Houston Methodist. Leading Medicine

Neck FAQ

Question:

I have a feeling I already know the answer to my question but I'm going to ask anyway. Two years ago, I was thrown from a horse and hurt my low back. I know they say you should always get right back on the horse but I was in the hospital for two weeks and then therapy for another six months. So I never did go back to my riding lessons. And I ended up with a pretty bad case of what they call fear-avoidance. Now I've had a bike accident and dinged up my neck. Is there such a thing as fear-avoidance for the neck? I want to avoid the fear-avoidance!

Answer:

Fear of movement (also known as fear-avoidance behavior or FAB) is fairly common with chronic low back pain. Some people respond to pain with anxiety about their pain and fear about what it might do to them. They start to catastrophize the pain (build up negative thoughts in their minds about pain). Before you know it, they are no longer moving freely out of fear that certain movements and actions "might" cause pain. They stop moving and start avoiding activities they previously enjoyed freely. Over time they become deconditioned and even disabled. Studies show the same thing can happen with neck injuries. In a recent study, researchers from the George Institute for Global health in Sydney, Australia took a closer look at fear of movement as the possible mediating (indirect link or cause) between neck pain after whiplash injury and disability. They wanted to know: when neck pain from a whiplash injury occurs and becomes chronic is it the pain that causes disability in a direct chain of events? Or is there some other indirect factor or variable that links pain with disability? To find out, they took a group of patients (205) who had all been involved in a motor vehicle accident and had them each fill out four separate surveys. The questionnaires measured pain intensity, function, fear levels, and physical and mental health. These test measures were completed within four weeks of the accident and again three months after the accident and one final time six months after the accident. It is not possible to assume that neck pain after whiplash influences (fear-avoidance) behavior and leads to disability just because this relationship has been shown for low back pain. A separate analysis is necessary, which is why this study was done. After reviewing all the data and making comparisons, they found that fear of movement can explain about 20 to 40 per cent of pain-related disability. That means in 20 to 40 per cent of the patients, relieving pain did not reduce levels of disability. And for the remaining 60 per cent of the patients, there was either another factor responsible (besides fear of movement) or perhaps several factors present at the same time. These other factors could be things like the presence (and severity) of other physical problems, mental health issues, or social, economic, or cultural differences. Another conclusion from this study was the idea that there isn't a direct cause and effect between fear-avoidance behavior and disability. It looks more like there is a relationship of some type between pain, fear of movement, and disability but the word association is a better descriptor than cause. What are the clinical implications of these findings? Some, but not all, patients with whiplash associated disorders can be helped by therapy to reduce fear avoidance beliefs and behaviors. Knowing which patients might fall into this category will be the subject of future studies. Other studies are also needed to find out what other factors influence the pain-leading-to-disability phenomenon. The authors also suggest there is a need to examine the different tools used to measure catastrophizing, fear-avoidance beliefs, and fear of movement. It is possible that one of the many questionnaires in use could be more accurate and reliable than others when given to neck pain patients (compared with back pain patients). For now, we can say there is a relationship between pain and disability in patients with whiplash associated disorders, and that in a subset of these patients, fear of movement is the key factor at play. Steven J. Kamper, et al. Does Fear of Movement Mediate the Relationship Between Pain Intensity and Disability in Patients Following Whiplash Injury? A Prospective Longitudinal Study. In PAIN. January 2012. Vol. 153. No. 1. Pp. 113-119.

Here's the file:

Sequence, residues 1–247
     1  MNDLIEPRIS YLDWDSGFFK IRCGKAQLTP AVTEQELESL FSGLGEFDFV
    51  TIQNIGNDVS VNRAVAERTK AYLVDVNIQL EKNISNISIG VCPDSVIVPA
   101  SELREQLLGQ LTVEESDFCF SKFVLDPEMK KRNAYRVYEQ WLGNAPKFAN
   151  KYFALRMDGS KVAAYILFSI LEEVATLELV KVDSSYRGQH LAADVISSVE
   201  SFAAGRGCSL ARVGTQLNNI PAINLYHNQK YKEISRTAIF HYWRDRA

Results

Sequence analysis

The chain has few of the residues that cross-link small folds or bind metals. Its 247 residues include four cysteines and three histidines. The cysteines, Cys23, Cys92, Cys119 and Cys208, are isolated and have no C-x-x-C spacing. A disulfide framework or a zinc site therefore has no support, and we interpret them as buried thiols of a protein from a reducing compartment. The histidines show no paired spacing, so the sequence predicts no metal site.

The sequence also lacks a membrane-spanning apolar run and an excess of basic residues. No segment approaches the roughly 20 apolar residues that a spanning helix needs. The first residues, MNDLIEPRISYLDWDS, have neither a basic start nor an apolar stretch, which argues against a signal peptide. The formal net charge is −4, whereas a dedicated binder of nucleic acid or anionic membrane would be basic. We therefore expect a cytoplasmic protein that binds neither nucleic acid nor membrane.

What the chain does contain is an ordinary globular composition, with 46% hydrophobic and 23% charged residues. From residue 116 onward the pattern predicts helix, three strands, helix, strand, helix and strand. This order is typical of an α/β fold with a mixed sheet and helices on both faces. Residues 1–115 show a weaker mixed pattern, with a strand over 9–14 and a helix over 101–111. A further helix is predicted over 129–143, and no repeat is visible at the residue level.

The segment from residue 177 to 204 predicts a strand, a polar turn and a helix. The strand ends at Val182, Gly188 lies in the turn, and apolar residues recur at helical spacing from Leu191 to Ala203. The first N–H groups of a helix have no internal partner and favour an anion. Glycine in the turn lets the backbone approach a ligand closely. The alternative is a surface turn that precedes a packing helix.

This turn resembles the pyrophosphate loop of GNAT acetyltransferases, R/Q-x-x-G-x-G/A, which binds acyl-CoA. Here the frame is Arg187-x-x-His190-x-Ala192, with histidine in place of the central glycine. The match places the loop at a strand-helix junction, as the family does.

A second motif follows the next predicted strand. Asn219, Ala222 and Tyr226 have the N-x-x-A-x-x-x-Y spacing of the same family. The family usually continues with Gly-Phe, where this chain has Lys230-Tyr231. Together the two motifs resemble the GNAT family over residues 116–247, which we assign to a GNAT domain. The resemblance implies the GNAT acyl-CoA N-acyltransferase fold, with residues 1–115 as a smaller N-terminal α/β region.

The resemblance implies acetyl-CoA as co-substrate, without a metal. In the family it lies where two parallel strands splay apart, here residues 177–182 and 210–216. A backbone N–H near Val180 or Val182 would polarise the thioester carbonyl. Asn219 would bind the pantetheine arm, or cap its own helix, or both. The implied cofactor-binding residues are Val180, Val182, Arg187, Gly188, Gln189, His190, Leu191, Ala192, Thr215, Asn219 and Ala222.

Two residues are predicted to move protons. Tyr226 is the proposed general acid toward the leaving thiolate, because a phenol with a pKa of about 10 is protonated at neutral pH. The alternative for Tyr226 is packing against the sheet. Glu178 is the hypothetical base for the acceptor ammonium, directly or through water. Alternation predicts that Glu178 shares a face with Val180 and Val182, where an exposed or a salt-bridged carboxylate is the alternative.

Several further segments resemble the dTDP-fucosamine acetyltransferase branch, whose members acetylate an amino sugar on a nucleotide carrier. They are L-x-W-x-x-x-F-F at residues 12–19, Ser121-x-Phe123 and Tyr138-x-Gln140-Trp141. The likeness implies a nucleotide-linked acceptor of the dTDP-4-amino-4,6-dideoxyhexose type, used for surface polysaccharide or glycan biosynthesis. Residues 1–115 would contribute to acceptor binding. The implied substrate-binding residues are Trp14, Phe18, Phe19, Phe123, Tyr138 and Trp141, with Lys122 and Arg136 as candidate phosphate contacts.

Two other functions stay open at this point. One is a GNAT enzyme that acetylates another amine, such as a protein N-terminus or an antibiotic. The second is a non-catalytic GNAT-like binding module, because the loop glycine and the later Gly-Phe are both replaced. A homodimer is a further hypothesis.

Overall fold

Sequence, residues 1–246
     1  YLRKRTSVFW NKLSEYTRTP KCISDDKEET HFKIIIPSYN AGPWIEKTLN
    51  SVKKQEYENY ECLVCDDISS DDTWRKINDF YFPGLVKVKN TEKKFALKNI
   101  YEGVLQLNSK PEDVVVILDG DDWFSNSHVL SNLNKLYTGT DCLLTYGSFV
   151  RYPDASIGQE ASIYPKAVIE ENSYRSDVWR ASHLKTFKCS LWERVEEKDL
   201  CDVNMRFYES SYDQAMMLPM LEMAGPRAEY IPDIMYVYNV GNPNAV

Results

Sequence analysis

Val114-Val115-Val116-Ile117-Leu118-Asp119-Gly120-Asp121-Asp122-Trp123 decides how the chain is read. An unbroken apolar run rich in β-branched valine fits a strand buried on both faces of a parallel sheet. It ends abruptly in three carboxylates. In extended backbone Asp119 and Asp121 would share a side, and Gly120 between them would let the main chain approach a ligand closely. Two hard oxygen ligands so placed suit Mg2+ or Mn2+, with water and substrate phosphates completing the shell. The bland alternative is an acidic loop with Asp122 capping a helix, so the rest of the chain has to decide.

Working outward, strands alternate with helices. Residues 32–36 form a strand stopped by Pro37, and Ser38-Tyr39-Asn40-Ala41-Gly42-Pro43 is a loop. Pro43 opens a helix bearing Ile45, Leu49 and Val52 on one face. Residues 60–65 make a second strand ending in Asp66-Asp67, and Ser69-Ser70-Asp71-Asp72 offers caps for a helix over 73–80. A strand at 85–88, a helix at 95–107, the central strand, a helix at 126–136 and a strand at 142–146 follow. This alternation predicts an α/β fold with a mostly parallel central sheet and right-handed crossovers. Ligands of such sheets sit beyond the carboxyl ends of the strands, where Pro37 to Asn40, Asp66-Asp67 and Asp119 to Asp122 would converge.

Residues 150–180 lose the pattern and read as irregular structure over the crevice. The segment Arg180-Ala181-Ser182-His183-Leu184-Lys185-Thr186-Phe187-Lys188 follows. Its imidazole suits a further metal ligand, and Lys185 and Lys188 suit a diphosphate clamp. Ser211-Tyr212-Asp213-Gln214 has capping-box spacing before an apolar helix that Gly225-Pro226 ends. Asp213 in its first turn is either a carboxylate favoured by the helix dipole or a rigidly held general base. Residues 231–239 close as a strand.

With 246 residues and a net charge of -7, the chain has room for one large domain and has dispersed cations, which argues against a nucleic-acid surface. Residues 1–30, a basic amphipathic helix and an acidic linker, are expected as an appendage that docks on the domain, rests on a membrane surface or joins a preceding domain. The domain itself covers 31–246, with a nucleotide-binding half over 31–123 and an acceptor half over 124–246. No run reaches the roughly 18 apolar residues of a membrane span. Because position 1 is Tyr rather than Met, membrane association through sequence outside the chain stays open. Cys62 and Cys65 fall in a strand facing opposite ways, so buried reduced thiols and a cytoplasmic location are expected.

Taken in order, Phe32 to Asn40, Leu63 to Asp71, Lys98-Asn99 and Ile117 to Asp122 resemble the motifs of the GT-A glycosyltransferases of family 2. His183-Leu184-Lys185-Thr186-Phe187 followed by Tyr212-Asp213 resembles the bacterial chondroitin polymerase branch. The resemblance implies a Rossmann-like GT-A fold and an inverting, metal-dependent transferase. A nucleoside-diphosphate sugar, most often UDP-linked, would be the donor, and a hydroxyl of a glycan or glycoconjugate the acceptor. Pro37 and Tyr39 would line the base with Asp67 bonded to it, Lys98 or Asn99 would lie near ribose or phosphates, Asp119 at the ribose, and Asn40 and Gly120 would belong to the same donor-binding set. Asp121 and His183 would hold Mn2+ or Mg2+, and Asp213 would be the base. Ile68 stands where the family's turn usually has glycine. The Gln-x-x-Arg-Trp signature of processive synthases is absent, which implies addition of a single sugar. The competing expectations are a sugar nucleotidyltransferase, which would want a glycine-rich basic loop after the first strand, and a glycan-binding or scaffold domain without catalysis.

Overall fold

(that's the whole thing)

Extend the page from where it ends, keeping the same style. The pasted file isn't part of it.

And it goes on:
*Disclaimer:* The information contained herein is compiled from a variety of sources. It may not be complete or timely. It does not cover all diseases, physical conditions, ailments or treatments. The information should NOT be used in place of visit with your healthcare provider, nor should you disregard the advice of your health care provider because of any information you read in this topic.
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